In this groundbreaking book, experts show what a difference support systems—family, friends, community and social programs—can make towards the recovery of the millions of people who suffer a traumatic brain injury each year.
Health and Healing after Traumatic Brain Injury: Understanding the Power of Family, Friends, Community, and Other Support Systems stresses the importance of an integrated and systems approach to healing. This book offers a unique combination of practitioner perspectives on what works for individual patients, consumer stories and learned insights over time, as well as researcher insights from innovative programs. It provides a holistic account of the important factors in living with a brain injury that will inform and benefit health practitioners and policy makers as well as people with brain injuries and their family members and friends.
The chapters explore the current best evidence and contemporary views on healing that draw on optimism, aspirational living, and meaningful partnerships. The authors focus on the emergent area of the salutogenic experience of injury—how brain injury changes and shapes lives in positive ways—and on the variables within individuals and their environments that provide a supportive influence in long-term healing.
- Presents multiple viewpoints from the perspectives of consumers, practitioners, researchers, and policy makers
- Advocates an integrated approach to healing after brain injury that incorporates multiple strategies
- Demonstrates how change and growth are possible after brain injury
Heidi Muenchberger, PhD, is associate professor of environmental psychology at Griffith Health Institute, Queensland, Australia. Her previous experience as a clinical neuropsychologist combined with her current research into the impact of the social, natural, and built environment on wellbeing provides a unique perspective from which to consider health and healing after brain injury. Muenchberger is widely published in academic journals and has authored several book chapters relating to brain injury and post-injury growth.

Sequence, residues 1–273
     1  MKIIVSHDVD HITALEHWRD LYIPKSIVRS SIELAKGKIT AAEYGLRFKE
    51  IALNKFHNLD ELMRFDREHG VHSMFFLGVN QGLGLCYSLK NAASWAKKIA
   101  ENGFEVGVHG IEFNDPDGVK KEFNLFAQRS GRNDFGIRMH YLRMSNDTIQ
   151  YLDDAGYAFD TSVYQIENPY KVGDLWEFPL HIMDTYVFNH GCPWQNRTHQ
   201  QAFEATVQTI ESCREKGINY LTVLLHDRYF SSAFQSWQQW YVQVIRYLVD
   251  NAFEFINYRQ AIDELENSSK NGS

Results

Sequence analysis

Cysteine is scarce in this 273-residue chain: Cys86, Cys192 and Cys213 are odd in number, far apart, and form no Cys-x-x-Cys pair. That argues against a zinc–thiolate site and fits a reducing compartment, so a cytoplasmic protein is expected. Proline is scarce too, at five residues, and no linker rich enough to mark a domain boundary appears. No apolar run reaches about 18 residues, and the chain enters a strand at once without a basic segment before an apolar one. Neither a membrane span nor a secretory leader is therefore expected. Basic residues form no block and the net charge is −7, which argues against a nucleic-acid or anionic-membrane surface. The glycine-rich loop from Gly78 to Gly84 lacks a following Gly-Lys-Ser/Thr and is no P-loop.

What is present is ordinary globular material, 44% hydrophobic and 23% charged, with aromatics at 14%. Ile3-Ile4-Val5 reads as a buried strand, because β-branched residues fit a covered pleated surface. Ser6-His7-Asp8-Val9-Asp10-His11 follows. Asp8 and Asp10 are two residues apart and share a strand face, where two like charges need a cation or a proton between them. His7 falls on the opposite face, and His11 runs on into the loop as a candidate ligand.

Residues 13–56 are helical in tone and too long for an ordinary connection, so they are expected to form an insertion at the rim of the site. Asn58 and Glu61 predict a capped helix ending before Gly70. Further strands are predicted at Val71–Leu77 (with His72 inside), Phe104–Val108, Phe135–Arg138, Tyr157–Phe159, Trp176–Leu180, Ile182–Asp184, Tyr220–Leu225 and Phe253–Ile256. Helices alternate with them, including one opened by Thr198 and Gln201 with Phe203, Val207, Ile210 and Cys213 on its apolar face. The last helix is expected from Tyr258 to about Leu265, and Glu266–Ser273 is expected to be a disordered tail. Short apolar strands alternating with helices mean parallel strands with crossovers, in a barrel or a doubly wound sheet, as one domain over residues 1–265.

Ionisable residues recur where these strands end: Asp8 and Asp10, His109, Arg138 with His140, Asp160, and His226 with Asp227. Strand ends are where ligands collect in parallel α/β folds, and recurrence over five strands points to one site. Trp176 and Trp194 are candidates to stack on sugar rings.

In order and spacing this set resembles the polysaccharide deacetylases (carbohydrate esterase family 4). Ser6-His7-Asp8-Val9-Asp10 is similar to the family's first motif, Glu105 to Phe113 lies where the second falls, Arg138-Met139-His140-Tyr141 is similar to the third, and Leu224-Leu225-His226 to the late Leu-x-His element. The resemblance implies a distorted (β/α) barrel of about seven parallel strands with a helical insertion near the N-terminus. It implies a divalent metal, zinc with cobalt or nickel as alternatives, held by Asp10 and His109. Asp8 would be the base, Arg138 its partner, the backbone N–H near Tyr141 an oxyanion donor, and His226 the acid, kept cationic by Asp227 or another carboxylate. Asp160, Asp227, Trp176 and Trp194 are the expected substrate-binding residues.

Elizabeth Kendall, PhD, is professor of community health and rehabilitation at Griffith University, Queensland, Australia. Her published works include more than 100 journal articles and Praeger's award-winning three-volume series Disabilities: Insights from across Fields and around the World. She is a psychologist who has worked in brain injury rehabilitation for the majority of her career. Kendall derives additional insight into her area of expertise as a result of her sibling who sustained a traumatic brain injury 30 years ago.
John Wright is a rural scientist who has lived with a brain injury for over 40 years and is a strong advocate for disability and wellbeing in the community. His experiences throughout his lifespan provide an important and often absent account of the lived experience of brain injury and insights into maximizing life opportunities in spite of disability. Wright's work in the fields of disability and education has enabled him to put his ideas into practice for hundreds of young people affected by brain injury.
Reviews"Too often following traumatic brain injury, injured persons and their families are left with little information on how to positively cope and adjust to their new life. With Health and Healing After Traumatic Brain Injury, the authors provide hope and tangible information on ways to successfully adapt to the challenges presented by this disability. This book is a major contribution to the caregiving and professional support literature." —Charles Edmund Degeneffe, Associate Professor and Coordinator, Rehabilitation Counseling Program, San Diego State University
"I thoroughly enjoyed reading this book cover to cover and never got bored. After reading the moving introduction by John Wright, I wanted to keep reading. What I really like about this book is that it provides information on such a range of broad topics and it covers issues that are not usually found in other TBI books (e.g., chapters on intimate partner violence, culture and ethnicity, siblings, family resilience). For someone who has just acquired a brain injury and/or for the caregivers/families, this book provides excellent insights about the issues that may emerge. Most importantly, some of the chapters provide realistic hope that life is not over after a brain injury. Equally important is the message that ‘one is not alone’."
In a nutshell, I enjoyed reading every chapter. This is overall an excellent book."
—Dr. Annick Maujean, Clinical Psychologist